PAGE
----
Statistical significance and climate change

I am linking to a blog post on statistical significance that may help explain why I am such a skeptic on the whole “human caused warming” claim:

Here’s an excerpt:

“Which is to say that according to my real, genuine, mathematically legitimate, scientifically fabricated scientific statistical scientific model (calculated on a computer), I was able to produce statistical significance and reject the “null” hypothesis of no cooling. Therefore there has been cooling. And since cooling is the opposite of warming, there is no more global warming. Quod ipso facto. Or something.

I was led to this result because many (many) readers alerted me to a fellow named Lord Donoughue, who asked Parliament a question which produced the answer that “the temperature rise since about 1880 is statistically significant.” Is this right?

Not according to my model. So who’s model, the Met Office’s or mine, is right?

Well, that’s the beauty of statistics. Neither model has to be right; plus, anybody can create their own.”

Read on:

The post explains very clearly, at least to me, why statistical significance may not be significant at all.  Another important excerpt:

“His model, which is frankly absurd, is to say the change in global temperatures is a straight linear combination of the change in “anthropogenic contributions” to temperature plus the change in “natural variability” of temperature plus the change in “measurement error” of temperature. (Hilariously, he claims measurement error is of the order +/- 0.03 degrees Celsius; yes, three-hundredths of a degree: I despair, I despair.)”  (Bold is mine)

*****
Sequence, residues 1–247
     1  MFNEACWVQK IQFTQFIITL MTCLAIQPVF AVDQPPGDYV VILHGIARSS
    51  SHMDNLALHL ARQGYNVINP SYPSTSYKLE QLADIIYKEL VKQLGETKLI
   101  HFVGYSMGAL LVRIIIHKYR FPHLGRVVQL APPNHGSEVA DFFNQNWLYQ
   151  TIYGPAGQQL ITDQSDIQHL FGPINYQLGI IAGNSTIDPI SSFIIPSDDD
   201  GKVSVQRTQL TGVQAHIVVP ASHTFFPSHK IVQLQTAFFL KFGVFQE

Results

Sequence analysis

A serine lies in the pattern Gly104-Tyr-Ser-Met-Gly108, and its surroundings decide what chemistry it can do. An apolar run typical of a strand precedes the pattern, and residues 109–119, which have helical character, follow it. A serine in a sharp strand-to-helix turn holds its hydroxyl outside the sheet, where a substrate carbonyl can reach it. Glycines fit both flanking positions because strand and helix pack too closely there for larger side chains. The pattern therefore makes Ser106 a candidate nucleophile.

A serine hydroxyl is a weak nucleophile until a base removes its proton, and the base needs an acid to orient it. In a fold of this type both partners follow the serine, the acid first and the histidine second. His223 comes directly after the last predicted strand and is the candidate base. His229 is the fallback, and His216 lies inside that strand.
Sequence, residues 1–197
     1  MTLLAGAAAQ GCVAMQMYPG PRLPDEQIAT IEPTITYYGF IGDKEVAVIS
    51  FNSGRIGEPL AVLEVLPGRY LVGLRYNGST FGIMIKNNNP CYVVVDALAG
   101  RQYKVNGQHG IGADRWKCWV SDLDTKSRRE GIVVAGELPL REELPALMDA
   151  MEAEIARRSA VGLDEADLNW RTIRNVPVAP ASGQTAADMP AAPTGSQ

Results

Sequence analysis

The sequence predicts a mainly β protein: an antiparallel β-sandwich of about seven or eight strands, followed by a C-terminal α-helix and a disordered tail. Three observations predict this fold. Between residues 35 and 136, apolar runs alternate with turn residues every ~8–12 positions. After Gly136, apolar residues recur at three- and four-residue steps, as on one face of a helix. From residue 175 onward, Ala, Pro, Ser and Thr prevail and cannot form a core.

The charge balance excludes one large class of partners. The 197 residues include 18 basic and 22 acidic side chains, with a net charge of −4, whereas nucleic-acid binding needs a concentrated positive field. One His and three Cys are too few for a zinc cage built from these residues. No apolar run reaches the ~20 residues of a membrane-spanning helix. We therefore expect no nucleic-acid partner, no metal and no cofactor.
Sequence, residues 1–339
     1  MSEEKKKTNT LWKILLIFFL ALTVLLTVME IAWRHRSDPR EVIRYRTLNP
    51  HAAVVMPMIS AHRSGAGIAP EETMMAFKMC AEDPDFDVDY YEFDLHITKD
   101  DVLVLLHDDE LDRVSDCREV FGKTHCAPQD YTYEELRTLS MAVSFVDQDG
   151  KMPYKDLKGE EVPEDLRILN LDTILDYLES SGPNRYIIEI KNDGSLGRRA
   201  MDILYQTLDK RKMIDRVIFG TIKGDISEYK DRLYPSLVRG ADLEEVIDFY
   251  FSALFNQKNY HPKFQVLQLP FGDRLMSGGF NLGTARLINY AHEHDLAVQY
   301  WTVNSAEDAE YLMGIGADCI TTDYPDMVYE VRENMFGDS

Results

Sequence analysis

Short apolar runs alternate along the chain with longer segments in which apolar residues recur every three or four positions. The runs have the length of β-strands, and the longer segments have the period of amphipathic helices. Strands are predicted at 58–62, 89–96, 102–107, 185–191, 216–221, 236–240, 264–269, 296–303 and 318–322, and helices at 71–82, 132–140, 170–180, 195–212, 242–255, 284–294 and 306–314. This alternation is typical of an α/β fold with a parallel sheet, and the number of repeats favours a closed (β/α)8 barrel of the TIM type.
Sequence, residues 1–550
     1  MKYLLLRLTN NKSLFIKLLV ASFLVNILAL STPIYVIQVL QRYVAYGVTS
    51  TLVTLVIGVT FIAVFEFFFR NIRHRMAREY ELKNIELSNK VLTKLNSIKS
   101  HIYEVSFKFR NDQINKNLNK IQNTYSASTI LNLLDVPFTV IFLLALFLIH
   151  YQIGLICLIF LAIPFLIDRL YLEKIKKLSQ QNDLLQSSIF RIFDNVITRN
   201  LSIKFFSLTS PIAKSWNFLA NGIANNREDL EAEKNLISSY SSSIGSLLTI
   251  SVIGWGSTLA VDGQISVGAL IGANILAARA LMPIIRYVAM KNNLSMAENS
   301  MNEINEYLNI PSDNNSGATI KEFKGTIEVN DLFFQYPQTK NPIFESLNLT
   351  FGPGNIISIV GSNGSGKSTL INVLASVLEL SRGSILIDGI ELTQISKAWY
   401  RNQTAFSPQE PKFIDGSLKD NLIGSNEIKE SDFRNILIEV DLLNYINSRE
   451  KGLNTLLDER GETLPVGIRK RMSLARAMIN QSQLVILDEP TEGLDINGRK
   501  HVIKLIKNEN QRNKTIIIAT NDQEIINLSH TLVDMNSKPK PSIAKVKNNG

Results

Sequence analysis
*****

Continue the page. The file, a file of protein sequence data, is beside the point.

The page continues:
Proxies cannot possibly yield the accuracy required for the claims made by climate science concerning warming.  They simply lack the degree of accuracy needed.  We really can’t even measure the accuracy except in very modern times.  Perhaps if we gave the proxy to 25 unrelated scientists and had them all give their interpretation of the proxy, it would become apparent that this is not an accurate measurement.  If you lack accurate measurements, then your conclusion cannot be said to be accurate based on those measurements.  There are too many assumptions and too much use of “estimated” and proxy data to give any kind of accurate result, except by random chance.  We simply do not have the data for these types of claims.

Scientific badger

Scientific badger


One comment on “Statistical significance and climate change

  1. cranky old electronics engineer says:

    Only just encountered your blog… nice, relaxed pace reading.

    It occurs to me that attempting to use proxies to the degree (pardon the pun) of accuracy stipulated by the panicky, arm-flapping bed-wetters is akin to trying to measure the size, weight, shape, speed and heading of an ocean-going vessel by attempting to monitor (any semblance of) bow waves rippling ashore on a single, small cove beach over a thousand miles away, after some guestimated delay, while ignoring the existence of all other intervening phenomena. Their only real hinderance is their self-righteous, arrogant pride, but they would send us all to hell in a handbasket before admitting their fault.

    Pride is hardness of heart. How can such people truly be concerned with the welfare of humanity? Well, obviously, they can’t. We must look elsewhere for their hidden, true motives. As always, all deception begins with self-deception.

    Yeah, anyway, good ol’ stats… one man’s mean is another man’s Poisson (heh, heh. ;-)> Seems they Weibulled about their computer model MTBF. Guess they were counting on at least another 25 years, or at least until they’ve all retired to some tropical paradise somewhere in that magically warming ocean.

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